Albuquerque’s Nativo Lodge proudly proclaims its sense of place as one of New Mexico’s Heritage Hotel & Resorts. It’s impossible to escape New Mexican regional culture and traditions when staying at the Nativo Lodge; from the entrance totem poles, to the 14-foot lobby shaman, to the teepee out back, but this is no stereotypical representation of Native American art. The Nativo Lodge celebrates contemporary Native American art by local artists currently pushing the boundaries of their craft, and this is particularly evident in their artist rooms. If you are looking for a taste of current Native American culture, then continue reading for more details, photos, and a review of my stay at the Nativo Lodge in Albuquerque, New Mexico.
Location and Lobby
Centrally located in Albuquerque off Interstate-25, the Nativo Lodge makes an excellent home base to explore Old Town, Balloon Fiesta Park, Sandia Peak, Petroglyph National Monument, and more. However, your immersion in New Mexican culture and art does not end when you return to the hotel after your excursions. Instead, a 14-foot tall shaman, designed by Horacio Cordova an award-winning artist from Southwestern New Mexico, welcomes you back from your adventures.
In addition to Cordova’s shaman, you’re surrounded throughout the lobby with carvings and art by Hopi-influenced artists such as Gregory Lomayesva.
Below, traditional Hopi symbols from left to right: turtle holding a cloud, Hopi bird, badger claw, rain cloud motifs, and Hopi sun face.
Reflective of Nativo Lodge’s mission to support local cultural and artistic endeavors, a portion of the room rate supports New Mexico cultural efforts and, upon check-in, each room receives a “Local Treasures” passport to receive 15% off local shops, galleries, restaurants and attractions.
The rooms of the Nativo Lodge are similar to a moderate level, slightly larger than average, no refrigerator or microwave, and a Keurig-style coffee maker. My room had an ultra-soft plush king sized bed, that was extremely comfortable. Of particular note are the Nativo’s Native American artist rooms – currently there are eight of these custom designed rooms, but more will be added every year. These rooms are truly unique and worth the small upcharge.
I stayed in Directed by Rose B. Simpson, a contemporary artist who lives on the Santa Clara Pueblo Reservation near Santa Fe, NM. Rose B. Simpson describes the art-installation of Directed as a prayer, with each of the three portraits representing blessing, guidance, and protection.
The art continued into the bathroom space that featured C.O. Bigelow products. Certainly nice bathroom products, and I particularly enjoyed the lavender and peppermint shampoo. But the NYC Apothecary products seemed out of place and in contrast to the southwestern Native American theme.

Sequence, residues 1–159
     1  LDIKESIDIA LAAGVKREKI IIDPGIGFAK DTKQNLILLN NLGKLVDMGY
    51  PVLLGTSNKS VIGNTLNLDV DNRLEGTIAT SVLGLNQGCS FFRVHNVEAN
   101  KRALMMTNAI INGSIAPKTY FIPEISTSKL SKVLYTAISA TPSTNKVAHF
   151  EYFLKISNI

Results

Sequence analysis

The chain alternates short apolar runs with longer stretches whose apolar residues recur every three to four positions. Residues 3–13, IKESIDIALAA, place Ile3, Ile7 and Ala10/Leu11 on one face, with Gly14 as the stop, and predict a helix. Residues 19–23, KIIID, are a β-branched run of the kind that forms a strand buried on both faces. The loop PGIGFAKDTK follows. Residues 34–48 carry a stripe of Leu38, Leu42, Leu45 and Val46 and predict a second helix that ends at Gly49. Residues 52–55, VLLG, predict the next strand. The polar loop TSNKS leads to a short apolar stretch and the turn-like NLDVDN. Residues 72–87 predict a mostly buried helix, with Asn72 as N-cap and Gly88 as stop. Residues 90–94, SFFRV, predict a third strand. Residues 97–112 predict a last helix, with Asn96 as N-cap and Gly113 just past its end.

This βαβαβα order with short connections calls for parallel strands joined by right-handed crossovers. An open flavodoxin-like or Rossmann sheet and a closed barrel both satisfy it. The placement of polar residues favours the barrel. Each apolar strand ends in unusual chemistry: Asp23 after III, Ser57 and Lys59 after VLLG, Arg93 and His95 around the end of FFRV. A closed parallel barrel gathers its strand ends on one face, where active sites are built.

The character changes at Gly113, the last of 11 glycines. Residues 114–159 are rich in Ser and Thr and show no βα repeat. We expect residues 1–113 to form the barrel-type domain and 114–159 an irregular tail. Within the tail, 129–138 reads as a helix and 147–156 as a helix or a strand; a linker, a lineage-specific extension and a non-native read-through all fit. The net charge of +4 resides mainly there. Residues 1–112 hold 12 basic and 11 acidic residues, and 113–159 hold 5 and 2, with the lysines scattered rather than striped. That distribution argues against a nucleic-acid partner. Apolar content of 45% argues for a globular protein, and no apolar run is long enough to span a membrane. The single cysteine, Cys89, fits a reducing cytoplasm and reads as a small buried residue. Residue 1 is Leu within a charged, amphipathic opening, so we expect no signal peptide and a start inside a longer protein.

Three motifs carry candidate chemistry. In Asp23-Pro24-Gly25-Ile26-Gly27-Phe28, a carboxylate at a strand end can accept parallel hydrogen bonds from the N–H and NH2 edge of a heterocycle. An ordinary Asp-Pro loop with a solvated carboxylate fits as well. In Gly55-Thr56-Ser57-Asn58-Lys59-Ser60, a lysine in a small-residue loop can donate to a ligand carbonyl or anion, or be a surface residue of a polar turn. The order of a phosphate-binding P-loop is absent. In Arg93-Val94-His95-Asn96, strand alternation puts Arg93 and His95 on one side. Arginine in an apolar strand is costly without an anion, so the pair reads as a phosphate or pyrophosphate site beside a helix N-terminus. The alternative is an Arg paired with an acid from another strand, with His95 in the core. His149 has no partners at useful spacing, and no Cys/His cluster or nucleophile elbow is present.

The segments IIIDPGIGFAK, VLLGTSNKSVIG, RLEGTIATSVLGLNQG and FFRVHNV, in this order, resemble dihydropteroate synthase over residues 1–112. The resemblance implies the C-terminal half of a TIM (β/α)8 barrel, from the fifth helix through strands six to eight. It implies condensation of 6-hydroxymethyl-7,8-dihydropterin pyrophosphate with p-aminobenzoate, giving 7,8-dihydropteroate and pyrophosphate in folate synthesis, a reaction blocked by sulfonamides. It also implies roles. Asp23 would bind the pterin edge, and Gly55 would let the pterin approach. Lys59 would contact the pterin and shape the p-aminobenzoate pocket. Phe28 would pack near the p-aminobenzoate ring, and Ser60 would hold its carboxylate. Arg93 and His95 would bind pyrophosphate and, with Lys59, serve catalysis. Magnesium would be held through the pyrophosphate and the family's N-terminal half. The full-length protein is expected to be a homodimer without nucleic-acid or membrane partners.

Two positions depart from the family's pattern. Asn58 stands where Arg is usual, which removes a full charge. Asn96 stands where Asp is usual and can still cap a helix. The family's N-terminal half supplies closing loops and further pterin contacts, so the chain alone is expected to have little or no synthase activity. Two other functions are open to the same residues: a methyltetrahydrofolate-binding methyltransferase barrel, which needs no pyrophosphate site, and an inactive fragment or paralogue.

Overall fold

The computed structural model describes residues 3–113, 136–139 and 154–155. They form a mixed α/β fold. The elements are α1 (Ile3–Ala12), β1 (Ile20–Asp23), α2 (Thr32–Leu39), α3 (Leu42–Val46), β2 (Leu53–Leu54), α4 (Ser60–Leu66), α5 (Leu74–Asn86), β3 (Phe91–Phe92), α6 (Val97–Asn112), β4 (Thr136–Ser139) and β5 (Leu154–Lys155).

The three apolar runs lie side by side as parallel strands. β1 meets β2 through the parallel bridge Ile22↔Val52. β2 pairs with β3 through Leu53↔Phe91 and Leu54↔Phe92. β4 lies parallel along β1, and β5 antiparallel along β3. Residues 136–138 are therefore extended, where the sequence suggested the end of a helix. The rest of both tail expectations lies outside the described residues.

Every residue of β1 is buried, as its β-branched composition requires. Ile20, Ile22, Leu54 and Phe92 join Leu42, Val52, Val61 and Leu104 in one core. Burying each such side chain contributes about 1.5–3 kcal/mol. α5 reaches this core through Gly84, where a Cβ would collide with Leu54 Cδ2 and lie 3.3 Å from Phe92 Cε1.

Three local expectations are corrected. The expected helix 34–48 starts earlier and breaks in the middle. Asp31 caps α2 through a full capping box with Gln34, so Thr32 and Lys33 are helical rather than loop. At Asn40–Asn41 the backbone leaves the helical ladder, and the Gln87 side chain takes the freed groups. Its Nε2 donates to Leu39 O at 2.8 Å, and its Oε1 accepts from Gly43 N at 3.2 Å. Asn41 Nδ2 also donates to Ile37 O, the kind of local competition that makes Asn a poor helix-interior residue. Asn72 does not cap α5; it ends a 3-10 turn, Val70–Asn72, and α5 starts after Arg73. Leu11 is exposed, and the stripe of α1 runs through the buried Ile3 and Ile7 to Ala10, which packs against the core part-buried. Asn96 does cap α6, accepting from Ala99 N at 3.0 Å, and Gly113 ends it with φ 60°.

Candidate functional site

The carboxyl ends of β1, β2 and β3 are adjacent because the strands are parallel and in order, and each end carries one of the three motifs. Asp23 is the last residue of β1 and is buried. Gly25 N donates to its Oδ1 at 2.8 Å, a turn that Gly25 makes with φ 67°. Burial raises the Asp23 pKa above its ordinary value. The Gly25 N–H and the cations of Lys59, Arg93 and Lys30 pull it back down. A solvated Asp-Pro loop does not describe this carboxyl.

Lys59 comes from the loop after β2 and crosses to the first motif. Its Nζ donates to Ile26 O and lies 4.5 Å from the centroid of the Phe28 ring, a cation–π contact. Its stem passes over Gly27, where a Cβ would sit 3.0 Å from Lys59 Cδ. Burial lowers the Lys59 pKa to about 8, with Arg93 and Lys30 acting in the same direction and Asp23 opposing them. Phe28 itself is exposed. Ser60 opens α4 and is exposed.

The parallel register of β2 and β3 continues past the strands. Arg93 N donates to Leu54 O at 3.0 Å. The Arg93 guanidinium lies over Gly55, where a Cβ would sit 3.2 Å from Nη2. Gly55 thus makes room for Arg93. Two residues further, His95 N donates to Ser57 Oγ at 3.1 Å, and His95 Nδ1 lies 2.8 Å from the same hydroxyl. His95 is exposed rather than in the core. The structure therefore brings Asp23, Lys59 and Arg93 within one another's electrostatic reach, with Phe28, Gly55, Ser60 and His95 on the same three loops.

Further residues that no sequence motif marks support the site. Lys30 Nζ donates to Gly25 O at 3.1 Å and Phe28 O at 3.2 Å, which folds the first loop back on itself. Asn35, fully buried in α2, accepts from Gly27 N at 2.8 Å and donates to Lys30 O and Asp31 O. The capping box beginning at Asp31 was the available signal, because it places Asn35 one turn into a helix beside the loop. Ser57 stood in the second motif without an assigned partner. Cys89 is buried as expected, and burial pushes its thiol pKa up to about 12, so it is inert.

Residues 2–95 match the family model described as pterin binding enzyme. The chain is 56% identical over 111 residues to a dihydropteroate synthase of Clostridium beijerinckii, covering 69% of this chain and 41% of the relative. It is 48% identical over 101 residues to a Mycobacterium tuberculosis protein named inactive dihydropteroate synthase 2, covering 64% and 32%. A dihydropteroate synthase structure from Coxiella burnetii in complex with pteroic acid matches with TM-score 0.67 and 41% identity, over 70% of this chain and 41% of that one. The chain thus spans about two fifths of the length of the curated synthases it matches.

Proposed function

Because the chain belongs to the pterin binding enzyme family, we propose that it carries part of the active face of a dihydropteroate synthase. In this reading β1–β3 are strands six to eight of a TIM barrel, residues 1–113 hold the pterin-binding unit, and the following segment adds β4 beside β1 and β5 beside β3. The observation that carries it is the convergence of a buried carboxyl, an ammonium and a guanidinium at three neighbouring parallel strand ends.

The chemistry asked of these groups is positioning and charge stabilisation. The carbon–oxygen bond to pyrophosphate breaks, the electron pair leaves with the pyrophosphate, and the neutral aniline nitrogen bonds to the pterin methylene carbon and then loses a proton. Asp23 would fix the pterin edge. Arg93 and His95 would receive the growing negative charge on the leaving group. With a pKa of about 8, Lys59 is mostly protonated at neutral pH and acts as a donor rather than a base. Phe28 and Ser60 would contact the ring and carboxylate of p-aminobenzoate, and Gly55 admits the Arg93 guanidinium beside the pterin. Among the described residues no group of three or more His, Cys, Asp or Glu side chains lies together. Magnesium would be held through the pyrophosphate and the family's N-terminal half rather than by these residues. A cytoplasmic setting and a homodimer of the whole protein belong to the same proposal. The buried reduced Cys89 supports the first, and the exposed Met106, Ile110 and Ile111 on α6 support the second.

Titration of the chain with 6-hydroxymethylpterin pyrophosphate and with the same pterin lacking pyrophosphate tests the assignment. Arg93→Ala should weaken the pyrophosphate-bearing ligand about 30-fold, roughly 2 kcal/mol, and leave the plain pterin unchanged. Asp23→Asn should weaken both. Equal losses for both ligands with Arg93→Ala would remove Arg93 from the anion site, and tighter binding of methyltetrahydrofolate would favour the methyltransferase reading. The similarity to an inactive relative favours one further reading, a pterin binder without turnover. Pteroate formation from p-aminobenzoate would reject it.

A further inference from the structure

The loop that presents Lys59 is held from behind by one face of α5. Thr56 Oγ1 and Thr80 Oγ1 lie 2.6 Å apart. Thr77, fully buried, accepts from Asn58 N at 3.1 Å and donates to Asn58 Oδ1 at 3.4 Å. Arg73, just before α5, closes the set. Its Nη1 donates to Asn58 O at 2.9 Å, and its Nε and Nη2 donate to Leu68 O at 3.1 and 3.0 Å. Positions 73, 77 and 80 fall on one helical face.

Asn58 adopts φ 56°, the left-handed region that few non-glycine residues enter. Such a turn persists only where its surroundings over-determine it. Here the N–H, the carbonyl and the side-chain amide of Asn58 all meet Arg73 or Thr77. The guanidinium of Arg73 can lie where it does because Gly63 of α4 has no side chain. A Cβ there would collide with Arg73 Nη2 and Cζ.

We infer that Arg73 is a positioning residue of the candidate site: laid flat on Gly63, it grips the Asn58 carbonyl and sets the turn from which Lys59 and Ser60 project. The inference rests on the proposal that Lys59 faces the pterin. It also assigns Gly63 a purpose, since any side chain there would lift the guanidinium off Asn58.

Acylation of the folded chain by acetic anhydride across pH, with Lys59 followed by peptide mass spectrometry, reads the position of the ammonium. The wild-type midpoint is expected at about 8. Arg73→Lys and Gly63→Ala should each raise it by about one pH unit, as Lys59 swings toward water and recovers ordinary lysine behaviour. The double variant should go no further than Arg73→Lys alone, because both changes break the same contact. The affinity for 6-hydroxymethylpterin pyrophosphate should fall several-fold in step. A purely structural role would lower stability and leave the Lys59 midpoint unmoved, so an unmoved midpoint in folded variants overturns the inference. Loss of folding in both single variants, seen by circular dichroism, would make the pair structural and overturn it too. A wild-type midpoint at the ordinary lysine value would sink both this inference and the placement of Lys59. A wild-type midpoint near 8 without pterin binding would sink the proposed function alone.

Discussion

The room grew on me, and over the few nights of my stay I became more and more comfortable with and intrigued by the installation. Not to imply the art made me uncomfortable at first, but it’s rare I’m afforded the luxury to truly spend time to get to know an artist’s work. Staying in Rose B. Simpson’s Directed made me want to seek out more of the artist’s pieces.
The Nativo Lodge features a lobby bar with Happy Hour drink specials daily from 4-7 p.m. including margaritas and tequila, of course. Fans of the television show “Breaking Bad” can even find a few specialty drinks based on the popular Albuquerque based show. Spirit Winds Café is a full-service restaurant offering breakfast and dinner. Menu items include Southwestern fare such as Huevos Rancheros and breakfast burritos, and dinner features dishes filled with New Mexico’s omnipresent chili pepper (both green and red).
Amenities, Pool, and Recreation
Kids will be happy to know the Nativo Lodge has a pool with both indoor and outdoor components, and there’s also a hot tub for soaking your legs after all of those active Albuquerque adventures.
Those looking to continue their training programs can make use of the exercise room off the pool with treadmills, stationary bikes, and resistance equipment.
The outdoor space also contains a full-sized teepee that doubles as a Hookah lounge available by reservation only. Although anyone can explore the teepee, when it is not reserved.
Heritage Hotels’ affordable Nativo Lodge complements a family vacation to Albuquerque, New Mexico by continuing the cultural immersion with its contemporary Native American design. The Nativo teaches us that the New Mexican cultural heritage is not static, but alive and thriving, and filled with exciting, young artists with stories to tell. The Nativo Lodge celebrates New Mexico’s unique blend of Native American, Mexican, Spanish, and the American West in its local art scene, and I came away with a better understanding of Albuquerque’s multi-cultural heritage through my stay. I know the next time I’m in New Mexico, I will definitely seek out another Heritage Hotel & Resort to enhance my visit to (and understanding of) the region.
DISCLOSURE: Adventures by Daddy was hosted by the Nativo Lodge, and received a special media rate during our stay. However, all opinions expressed are those of the author. For more family travel news, reviews, and trip reports, be sure to follow Adventures by Daddy on Twitter and “like” our Facebook page, too.